Over the past few years, New York-based artist Dana Sherwood has organized a picnic for wild baboons on the South African coast, left banquets for raccoons in the suburbs of South Florida, and concocted a molded terrine of jellied spam, beef, hot dogs, and marrow bones for coyotes. Most recently, she made elaborate confections of meat, fish, and local produce for ocelots, bugs, bats, and birds in Brazil. Her wooden food cart that was stationed for two weeks in the Botanical Garden of Brasília is now on view at Denny Gallery as the centerpiece for her solo show Crossing the Wild Line.
Each dish in Sherwood’s homemade feasts looks like it’s out of a vintage Betty Crocker book, the kind of decadent dessert you might find at a 1970s house party, albeit with ingredients specific to certain animals’ diets: jello mold-shapes topped with tiny fish, a fish head temptingly displayed on a bed of carefully positioned shrimp. (The food is all resin in the Lower East Side show, so don’t worry about competing for space with rats and roaches.) A video that is embedded on the cart shows the snacking animals captured by her trail cameras, like an ocelot nibbling on some hanging meat, or birds scavenging in the darkness. On the walls, framed with sausage links, are whimsical watercolor illustrations of her animal visitors, which she often makes while waiting the days, and sometimes weeks, between leaving her feasts and retrieving the videos.
The impulsive reaction might be that Sherwood is encouraging wild animals to rely on humans, and is disrupting their natural life cycles. However, she focuses on animal populations where a human presence has already pushed the wildlife to the boundaries of its original habitat. Directly engaging with wild populations embedded in human-claimed space, she’s considering our relationship with other animals when we’ve already damaged their ecosystem.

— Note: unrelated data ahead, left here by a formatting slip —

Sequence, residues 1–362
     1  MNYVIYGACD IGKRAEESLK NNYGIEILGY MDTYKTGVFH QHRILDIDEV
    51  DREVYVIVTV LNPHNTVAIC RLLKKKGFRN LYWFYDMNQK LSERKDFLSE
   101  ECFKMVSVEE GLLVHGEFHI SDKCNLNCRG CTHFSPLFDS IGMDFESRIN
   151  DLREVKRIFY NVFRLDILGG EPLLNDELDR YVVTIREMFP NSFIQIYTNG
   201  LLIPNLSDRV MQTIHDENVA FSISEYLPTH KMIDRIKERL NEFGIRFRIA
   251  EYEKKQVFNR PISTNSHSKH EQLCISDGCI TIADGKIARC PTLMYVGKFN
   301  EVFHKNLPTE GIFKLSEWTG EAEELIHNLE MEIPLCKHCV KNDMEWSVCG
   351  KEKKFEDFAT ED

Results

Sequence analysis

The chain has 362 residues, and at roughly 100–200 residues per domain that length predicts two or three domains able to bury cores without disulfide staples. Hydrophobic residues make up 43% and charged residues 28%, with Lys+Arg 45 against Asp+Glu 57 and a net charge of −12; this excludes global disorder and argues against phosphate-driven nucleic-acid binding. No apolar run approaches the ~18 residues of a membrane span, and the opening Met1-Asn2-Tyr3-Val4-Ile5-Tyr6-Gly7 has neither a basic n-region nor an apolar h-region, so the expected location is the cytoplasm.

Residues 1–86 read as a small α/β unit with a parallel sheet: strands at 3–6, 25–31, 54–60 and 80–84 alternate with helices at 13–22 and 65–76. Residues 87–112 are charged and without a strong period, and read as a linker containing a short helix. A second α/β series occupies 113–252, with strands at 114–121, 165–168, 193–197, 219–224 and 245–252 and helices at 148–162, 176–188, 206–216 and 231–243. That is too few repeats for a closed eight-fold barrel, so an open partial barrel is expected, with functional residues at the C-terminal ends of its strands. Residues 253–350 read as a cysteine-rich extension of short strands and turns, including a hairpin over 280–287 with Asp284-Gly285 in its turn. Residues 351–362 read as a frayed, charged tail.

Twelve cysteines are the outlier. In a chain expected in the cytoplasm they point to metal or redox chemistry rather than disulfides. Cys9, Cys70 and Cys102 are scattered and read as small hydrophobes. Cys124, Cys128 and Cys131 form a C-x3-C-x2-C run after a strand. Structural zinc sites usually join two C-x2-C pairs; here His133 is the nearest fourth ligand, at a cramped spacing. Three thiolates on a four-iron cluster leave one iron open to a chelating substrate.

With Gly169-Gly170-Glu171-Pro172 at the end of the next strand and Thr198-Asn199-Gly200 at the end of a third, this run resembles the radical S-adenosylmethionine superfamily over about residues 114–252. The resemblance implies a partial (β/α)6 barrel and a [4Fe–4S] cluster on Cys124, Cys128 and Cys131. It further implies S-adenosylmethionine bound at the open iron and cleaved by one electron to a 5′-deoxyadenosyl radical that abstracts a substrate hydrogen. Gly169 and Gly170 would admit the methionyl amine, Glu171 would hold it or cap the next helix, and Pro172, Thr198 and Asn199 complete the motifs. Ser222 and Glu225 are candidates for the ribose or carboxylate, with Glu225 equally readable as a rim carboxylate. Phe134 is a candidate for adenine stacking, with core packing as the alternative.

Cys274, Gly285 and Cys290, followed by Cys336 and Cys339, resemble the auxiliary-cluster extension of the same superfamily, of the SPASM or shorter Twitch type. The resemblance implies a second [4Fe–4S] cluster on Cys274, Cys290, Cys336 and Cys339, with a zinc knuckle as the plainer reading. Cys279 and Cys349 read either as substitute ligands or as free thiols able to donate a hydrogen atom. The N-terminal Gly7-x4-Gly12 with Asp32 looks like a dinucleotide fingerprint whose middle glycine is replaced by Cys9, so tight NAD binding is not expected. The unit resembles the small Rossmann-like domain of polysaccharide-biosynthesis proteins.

Back in 2014, when she was exhibiting her “Banquets in the Dark Wildness” installation at the Museum of Biblical Art, she explained to me that what’s interesting to her “is how our territories are overlapped. There’s a desire to forge some kind of community. We want this idealized coexistence to happen, but when it comes to our backyard, it causes stress.”
In 2008, she collaborated with her husband, artist Mark Dion, on a tiny conservatory full of pastry confections in the Jardin des Tuileries in Paris. It was only on closer look that visitors to the central, heavily-touristed garden noticed it was swarmed with insects. Despite our ongoing expansion of human habitation in formerly wild space, we tend to keep nature at a distance. By collaborating with the chaotic, unpredictable, natural world, Sherwood is crossing that line.
Dana Sherwood: Crossing the Wild Line continues at Denny Gallery (261 Broome Street, Lower East Side, Manhattan) through February 21.
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